Gorbachev's need for high-tech trade
WATCH trade. Watch Eastern Europe's leaders. In the wake of Washington's and Moscow's swift turn toward renewed d'etente, most media eyes are on the next East-West shoes to drop: (1) the third Reagan-Gorbachev summit in America (and perhaps fourth in Moscow); (2) bargaining on a 50 percent cut in long-range nuclear missiles. But, for Moscow, that intercontinental missile bargaining - like the medium- and short-range deal just struck - is in part a means to an end. The end involves East-West trade and loan credits for Moscow and its East European allies.
Mikhail Gorbachev needs a weapons downturn to permit a diversion of domestic resources to civilian factory retooling, consumer goods, housing, and more competitive exports. Ironically, he also needs a nuclear downturn to speed the high-tech modernization of his conventional ground, air, and naval military forces. But the resources freed up by not having to service missile warheads and not having to run a breakneck new nuclear arms race are not alone sufficient to fuel the civilian (and military) modernization he seeks.
Savings of rubles and hard currencies will not, by themselves, provide the USSR and Eastern Europe with a sophisticated phone network capable of reliably linking computers. It will not provide the drilling and pumping technology needed to increase petroleum output to take advantage of future rising world prices. It will not provide the advanced robotics and maintenance know-how (and the computer software and hardware) needed for factory automation. Nor the food processing and herbicide plants needed in agriculture. Etcetera.
All those desired components of an efficient, modern economy could perhaps be attained the old, centrally planned Stalinist way. But the delay would be prohibitive. More of the world - like the Pacific Rim states - would be shouldering its way past the USSR to join the United States, Japan, and Europe at the head of the economic race.
So trade in technology and modern manufacturing systems is essential. And for both Moscow and its Eastern European clients, major loan guarantees will be needed.
Mr. Gorbachev and his Politburo colleagues face a serious and probably growing problem because of their dependence on Eastern Europe as a transfer agent in this modernization process. MIT Prof. William Griffith has shrewdly analyzed this Kremlin dilemma. He points to five factors that have periodically stirred unrest in Eastern Europe since the arrival of Soviet control in 1945: economic crisis, nationalist resentment of Moscow's domination, the siren call of Soviet internal reforms, East-West d'etente, and leadership succession crises. All five are present today, he suggests, plus a sixth element: ``the decreasing economic attractiveness of the technologically backward Soviet Union and the increasing economic attractiveness of West Germany....''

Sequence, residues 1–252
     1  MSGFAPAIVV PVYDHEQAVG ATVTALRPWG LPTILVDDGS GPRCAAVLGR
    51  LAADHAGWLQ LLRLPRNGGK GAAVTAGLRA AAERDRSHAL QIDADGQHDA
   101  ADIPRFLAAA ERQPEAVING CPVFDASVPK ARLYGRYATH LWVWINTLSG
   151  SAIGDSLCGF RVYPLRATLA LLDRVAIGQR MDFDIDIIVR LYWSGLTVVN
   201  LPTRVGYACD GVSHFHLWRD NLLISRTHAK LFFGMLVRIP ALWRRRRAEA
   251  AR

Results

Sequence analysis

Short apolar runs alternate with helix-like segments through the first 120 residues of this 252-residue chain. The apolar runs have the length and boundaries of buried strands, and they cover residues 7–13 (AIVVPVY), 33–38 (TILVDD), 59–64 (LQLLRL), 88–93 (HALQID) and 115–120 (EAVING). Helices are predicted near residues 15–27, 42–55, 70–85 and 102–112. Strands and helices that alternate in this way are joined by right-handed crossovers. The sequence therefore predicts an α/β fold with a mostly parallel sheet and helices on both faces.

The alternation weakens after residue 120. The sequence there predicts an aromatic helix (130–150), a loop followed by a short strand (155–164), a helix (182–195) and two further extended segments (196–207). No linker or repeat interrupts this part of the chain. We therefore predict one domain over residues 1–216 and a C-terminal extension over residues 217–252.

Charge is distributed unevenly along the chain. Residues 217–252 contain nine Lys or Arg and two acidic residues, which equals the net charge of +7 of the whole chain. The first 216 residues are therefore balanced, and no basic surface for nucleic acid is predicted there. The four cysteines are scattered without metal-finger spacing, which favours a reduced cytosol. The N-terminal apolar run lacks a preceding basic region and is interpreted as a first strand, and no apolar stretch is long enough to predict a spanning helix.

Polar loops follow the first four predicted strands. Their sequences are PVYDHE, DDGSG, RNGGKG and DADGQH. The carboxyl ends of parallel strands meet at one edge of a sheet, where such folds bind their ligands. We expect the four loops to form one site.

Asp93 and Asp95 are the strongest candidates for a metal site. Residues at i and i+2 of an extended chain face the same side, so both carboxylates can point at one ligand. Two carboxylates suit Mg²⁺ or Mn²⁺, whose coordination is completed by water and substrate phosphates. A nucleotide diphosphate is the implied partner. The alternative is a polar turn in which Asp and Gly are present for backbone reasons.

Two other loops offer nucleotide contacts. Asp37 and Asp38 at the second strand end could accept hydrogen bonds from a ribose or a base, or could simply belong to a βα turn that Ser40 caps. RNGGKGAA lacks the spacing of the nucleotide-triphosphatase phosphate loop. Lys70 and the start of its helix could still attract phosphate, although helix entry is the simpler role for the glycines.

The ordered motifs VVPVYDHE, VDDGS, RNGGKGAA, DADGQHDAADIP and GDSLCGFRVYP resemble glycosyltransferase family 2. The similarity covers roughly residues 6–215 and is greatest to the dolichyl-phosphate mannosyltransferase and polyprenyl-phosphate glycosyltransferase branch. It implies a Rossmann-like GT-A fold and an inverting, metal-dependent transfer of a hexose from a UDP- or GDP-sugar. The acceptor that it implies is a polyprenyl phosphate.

At present, economic crisis is expressed in loan default or near-default in Hungary, Poland (and nonaligned Yugoslavia), as well as in the stagnant economy resulting from Romania's attempts to pay down its Western debt. Resentment of Moscow is heightened by a renewed feeling that the center of empire is weighing down its neighbors as the world moves ahead. Gorbachev's glasnost policy threatens to undermine neo-Stalinist party leaders' policies.
Finally, there is the tug of war all these states face, in varying degree, between military and economic links to Moscow and their economic needs, which can best be met by West Germany. Gorbachev and his planners are demanding higher-quality imports from the East bloc to fulfill promises to Soviet consumers and to help upgrade and retool Soviet industry.
At the same time, the rest of the world is demanding higher-quality products if it is to buy from East Europe rather than Korea or Brazil or India (not to mention the US, Japan, and Western Europe). Only exports to the larger world will bring hard currencies to pay off debt, buy new technology (from Bonn and elsewhere), and stave off harsh austerity measures if debt is not paid off. In this trade bind, the flagship of the East is East Germany. It has long served as a transplant bed or direct conduit for Western technology into the USSR. Despite some misgivings, Moscow encourages East German trade with Bonn. It will increasingly have to tolerate or encourage growing West German trade for its other clients. And that means more than deutsche marks and dealings between businessmen - as the East German example shows.
Conservatives in the West worry that Washington's medium- and short-range missile deal with Moscow may leave Western Europe at the mercy of superior Soviet conventional forces. That fear is understandable. But it does not appear to account sufficiently for the added uncertainty facing Soviet planners as they contemplate the erosion caused by change in Eastern Europe.